Tis The Time For Creating a New Annual Budget for Your HOA

This article will discuss the following
  • What factors that should be considered in the preparation of an annual budget
  • Checking the accuracy of your association’s prior reserve study
  • Income and expenses realized by the association with regards to accurate financial statements
  • Adjustments to the amounts spent for the known increases that are going to be required for the next year
  • Projecting accurate legal expenses to avoid future special assessments
  • Creating and maintaining an accurate budget for an association’s annual income and expenses

Each New Year brings on new challenges and responsibilities for homeowners association boards of directors. One of the most important annual functions is the adoption of a budget for the association’s projected income and expenses during the next year. Creating a realistic budget is a difficult task for many associations and, as a result, the annual budget is either not created at all, or the most recent last budget is merely copied with a few tweaks here and there. The careless preparation of an association’s annual budget will ultimately lead to operating problems, the need for the dreaded “special assessments,” and internal conflicts between board members and/or homeowners.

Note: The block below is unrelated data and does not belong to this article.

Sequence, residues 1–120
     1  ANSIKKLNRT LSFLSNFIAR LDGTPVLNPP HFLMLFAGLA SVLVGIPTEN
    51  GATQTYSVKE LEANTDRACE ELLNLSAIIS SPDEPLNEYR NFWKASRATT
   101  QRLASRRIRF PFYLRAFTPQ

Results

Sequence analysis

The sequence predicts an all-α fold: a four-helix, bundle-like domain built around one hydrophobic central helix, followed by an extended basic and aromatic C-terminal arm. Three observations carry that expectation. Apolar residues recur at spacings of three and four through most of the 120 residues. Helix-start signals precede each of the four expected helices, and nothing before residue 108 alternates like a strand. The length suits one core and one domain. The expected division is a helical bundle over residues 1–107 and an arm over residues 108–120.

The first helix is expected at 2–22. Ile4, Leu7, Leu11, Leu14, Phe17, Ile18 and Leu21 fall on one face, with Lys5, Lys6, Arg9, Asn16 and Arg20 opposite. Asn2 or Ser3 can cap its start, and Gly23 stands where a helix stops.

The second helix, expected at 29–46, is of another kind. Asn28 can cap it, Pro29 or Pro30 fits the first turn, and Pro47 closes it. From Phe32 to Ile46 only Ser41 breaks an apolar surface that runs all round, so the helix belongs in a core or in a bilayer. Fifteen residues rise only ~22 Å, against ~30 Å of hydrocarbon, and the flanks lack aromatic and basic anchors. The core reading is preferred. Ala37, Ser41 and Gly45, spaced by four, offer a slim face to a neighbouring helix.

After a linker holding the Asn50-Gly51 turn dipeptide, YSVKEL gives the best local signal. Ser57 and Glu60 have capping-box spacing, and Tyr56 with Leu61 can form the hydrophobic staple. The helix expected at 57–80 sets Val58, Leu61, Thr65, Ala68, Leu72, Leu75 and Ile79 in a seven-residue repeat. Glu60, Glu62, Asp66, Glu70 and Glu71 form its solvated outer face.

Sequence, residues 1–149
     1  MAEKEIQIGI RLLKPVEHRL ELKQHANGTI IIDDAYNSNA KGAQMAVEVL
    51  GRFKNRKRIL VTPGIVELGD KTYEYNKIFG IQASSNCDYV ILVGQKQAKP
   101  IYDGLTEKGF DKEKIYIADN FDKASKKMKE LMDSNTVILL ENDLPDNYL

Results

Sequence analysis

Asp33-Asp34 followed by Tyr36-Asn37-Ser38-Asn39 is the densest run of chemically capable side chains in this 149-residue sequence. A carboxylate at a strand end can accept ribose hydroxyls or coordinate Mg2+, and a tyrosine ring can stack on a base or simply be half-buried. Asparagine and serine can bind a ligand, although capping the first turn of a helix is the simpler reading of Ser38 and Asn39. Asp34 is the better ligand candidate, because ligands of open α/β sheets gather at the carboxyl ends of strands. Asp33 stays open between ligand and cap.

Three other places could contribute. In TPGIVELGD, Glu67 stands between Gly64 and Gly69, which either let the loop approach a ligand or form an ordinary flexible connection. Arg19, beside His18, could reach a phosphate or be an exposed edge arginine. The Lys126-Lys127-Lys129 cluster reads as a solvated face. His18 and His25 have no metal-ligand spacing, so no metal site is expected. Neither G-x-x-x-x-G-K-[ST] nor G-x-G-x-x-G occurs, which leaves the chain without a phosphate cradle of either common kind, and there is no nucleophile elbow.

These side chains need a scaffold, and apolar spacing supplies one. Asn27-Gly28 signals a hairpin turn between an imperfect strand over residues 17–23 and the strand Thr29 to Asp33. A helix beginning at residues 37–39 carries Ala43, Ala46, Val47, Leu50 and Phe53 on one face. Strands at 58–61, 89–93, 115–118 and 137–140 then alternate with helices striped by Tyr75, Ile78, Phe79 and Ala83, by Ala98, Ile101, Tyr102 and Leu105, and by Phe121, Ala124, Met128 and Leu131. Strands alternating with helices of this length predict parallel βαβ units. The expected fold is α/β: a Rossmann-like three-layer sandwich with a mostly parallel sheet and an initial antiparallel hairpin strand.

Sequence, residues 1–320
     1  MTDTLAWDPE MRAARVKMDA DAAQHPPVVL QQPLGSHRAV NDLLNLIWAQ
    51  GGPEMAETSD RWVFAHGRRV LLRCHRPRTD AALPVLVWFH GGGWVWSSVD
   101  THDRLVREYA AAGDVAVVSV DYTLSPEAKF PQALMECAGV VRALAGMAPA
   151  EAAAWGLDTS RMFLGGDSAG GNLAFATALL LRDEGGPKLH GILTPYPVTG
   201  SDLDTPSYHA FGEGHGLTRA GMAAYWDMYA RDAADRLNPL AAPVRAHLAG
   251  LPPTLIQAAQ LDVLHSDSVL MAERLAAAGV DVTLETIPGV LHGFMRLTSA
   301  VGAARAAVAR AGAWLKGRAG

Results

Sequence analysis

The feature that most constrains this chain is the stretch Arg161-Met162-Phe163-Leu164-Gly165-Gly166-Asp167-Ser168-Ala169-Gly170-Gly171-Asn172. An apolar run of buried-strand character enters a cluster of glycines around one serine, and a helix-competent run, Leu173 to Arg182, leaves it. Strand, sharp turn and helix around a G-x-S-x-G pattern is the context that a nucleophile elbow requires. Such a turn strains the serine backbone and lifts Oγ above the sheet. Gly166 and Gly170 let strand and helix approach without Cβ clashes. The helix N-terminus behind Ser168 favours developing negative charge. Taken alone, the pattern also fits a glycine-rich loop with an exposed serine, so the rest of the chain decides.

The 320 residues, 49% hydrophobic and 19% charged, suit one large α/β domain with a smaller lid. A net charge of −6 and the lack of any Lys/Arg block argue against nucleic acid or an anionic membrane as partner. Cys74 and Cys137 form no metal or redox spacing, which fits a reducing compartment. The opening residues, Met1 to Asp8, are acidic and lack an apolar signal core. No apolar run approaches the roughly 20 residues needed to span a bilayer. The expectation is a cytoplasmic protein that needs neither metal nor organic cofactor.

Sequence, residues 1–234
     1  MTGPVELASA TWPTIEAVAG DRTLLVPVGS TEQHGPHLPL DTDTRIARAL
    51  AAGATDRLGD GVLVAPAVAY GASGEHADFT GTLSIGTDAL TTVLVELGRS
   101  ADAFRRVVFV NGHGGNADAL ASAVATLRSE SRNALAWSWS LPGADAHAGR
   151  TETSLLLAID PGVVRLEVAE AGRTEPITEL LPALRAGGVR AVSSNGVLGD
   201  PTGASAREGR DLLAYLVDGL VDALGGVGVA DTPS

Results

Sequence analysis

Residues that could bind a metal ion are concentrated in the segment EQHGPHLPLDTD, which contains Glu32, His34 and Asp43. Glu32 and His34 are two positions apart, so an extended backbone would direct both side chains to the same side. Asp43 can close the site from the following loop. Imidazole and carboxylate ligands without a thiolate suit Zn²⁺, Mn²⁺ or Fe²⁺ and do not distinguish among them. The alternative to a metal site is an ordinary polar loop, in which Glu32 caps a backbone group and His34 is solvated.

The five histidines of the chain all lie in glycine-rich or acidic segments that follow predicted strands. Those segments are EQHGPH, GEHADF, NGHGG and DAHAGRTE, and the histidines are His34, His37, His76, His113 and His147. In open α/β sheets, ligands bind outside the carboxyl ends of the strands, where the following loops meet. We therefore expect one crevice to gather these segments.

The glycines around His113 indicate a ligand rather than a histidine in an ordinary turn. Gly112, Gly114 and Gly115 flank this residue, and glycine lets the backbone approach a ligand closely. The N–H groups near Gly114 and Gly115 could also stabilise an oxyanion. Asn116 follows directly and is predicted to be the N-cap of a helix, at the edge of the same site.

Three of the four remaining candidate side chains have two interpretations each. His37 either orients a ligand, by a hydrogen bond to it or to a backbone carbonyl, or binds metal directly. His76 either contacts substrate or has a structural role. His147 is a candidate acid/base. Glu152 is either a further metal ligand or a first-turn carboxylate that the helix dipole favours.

The are many factors that should be considered in the preparation of an annual budget. While the history of past expenses is important to know, it also critical to have a clear understanding of the physical components that make up the association’s common area that must be properly maintained. Such an understanding necessitates knowledge of what the physical components actually consist of, the expected term of each component’s life, the cost of repairs and replacements of that component, and how much time is left before the component must be replaced. In order to properly take all this information into consideration association boards should have an accurate “reserve study.” Reserve studies are reports that are prepared by qualified professionals who inspect the association’s property and provide all of the necessary information that is required to know the extent of funds that are required to be collected from owners each year in order to maintain sufficient reserves for funding the repairs and replacements of the various physical components as they age and begin to deteriorate and break down. Associations that maintain sufficient levels of reserves have less operating problems than those that do not, tend to be better maintained and are generally more valuable on resale. If your association does not have an up-to-date reserve study, bite the bullet and get one prepared.

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